Clarke, Mosher and Chaos
by ROBIN CLARKE
Blessed with no memory
class today is devoted
to pushing your pens back &
across the wreckage. What would
happen if one woman told
the truth about her life one
child, rocket, mountain sequel?
A boy with dirt on his face
names the birds at the feeder
Mary, Joseph, baby
those are bruises. Why do we
look less human with each
passing sentence? Walk back &
forth, back & forth find the place
where your desks were.
Robin Clarke’s poetry can be found at http://burghforoneto.tumblr.com/.
by D J MOSER
Cresting the rise with dawn tingeing the clouds
in warning and the wheeling cries of birds
steeped in its blood he heard again the restless
ice popping beneath his feet one winter
in his youth in a shanty on a lake
that harbored fish far from this autumnal
dawn with a different pole leading his hand
up the trail he had followed out of the valley
to chance upon a ruin of walls scrawled
with ivy casting headless shadows down
through crippled rafters sagely slumbering
in dusky beards distinguished by decay
standing fast in mist awaiting rain decreed
by thunder listening for a voice from an altar
rising from the stones in the tracks of untold
steps wearing a trail to find answers to guide
them back to their homes in wonder as if
there were anything else to believe in
D J Moser is a freelance writer who lives in Washington, DC. He can be reached at email@example.com.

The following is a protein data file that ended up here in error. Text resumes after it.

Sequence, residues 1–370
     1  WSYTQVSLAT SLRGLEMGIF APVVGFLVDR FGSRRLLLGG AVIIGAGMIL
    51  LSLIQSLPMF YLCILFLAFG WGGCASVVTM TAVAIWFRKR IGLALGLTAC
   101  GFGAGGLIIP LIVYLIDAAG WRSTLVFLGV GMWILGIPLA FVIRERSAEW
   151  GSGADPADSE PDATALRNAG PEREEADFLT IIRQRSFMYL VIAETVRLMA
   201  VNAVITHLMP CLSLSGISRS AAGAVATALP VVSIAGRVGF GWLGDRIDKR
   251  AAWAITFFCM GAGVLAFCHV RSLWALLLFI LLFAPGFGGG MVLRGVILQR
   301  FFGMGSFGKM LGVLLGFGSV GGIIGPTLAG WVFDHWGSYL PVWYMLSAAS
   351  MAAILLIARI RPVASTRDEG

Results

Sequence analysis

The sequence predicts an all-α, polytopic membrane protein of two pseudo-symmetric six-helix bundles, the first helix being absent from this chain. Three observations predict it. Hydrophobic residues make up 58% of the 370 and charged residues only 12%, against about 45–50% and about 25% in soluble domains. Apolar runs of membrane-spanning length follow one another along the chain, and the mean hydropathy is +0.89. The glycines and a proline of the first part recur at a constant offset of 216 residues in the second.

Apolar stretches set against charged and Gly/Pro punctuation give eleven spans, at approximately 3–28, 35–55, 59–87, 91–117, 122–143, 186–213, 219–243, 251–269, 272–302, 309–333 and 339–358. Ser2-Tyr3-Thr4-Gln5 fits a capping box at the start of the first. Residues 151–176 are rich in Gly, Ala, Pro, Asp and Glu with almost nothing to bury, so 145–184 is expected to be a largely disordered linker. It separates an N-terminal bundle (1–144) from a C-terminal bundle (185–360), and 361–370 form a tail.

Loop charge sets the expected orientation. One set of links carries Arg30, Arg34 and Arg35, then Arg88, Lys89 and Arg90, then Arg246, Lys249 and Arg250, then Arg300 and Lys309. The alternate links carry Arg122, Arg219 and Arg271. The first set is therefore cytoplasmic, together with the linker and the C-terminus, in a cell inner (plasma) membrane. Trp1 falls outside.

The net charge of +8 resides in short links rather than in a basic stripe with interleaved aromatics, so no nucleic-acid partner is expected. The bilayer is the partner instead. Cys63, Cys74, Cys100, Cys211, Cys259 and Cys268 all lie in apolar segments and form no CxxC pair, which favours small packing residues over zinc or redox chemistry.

by Zorba Hassium Chaos
The first remembered thought
Sawdust smells good.
The last remembered thought
Sawdust doesn’t smell so good.
Zorba Hassium Chaos is the heaviest member of The Group 8. He was first observed in 1984. He can be reached at firstname.lastname@example.org.
Editorial Note: (Please Read Closely Before Submitting)
To submit to Poets’ Basement, send an e-mail to CounterPunch’s poetry editor, Marc Beaudin at email@example.com with your name, the titles being submitted, and your website url or e-mail address (if you’d like this to appear with your work). Also indicate whether or not your poems have been previously published and where. For translations, include poem in original language and documentation of granted reprint/translation rights. Attach up to 5 poems and a short bio, written in 3rd person, as a single Word Document (.doc or .rtf attachments only; no .docx – use “Save As” to change docx or odt files to “.doc”). Expect a response within one month (occasionally longer during periods of heavy submissions).
Poems accepted for online publication will be considered for possible inclusion of an upcoming print anthology.
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